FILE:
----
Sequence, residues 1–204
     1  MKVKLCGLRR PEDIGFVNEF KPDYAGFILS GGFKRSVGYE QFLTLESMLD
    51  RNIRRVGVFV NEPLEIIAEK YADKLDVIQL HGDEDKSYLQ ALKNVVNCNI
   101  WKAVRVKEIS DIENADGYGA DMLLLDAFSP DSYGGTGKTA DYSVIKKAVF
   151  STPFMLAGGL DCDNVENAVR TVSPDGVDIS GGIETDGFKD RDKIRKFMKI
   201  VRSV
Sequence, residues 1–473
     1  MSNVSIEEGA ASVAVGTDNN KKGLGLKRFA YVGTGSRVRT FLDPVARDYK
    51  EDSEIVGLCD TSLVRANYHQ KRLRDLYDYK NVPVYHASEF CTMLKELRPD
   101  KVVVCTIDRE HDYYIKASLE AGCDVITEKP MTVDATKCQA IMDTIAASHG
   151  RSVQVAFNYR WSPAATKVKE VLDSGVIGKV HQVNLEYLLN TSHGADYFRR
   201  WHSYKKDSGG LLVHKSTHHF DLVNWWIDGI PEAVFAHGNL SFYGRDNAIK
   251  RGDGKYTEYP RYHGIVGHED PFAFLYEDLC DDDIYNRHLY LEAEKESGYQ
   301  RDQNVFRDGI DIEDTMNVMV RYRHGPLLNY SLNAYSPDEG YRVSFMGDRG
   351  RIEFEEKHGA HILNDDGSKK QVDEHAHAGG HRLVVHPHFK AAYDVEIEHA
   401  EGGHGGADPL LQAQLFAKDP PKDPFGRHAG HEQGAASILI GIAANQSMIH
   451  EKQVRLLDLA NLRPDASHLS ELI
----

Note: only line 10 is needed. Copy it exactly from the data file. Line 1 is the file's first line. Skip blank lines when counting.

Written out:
   101  KVVVCTIDRE HDYYIKASLE AGCDVITEKP MTVDATKCQA IMDTIAASHG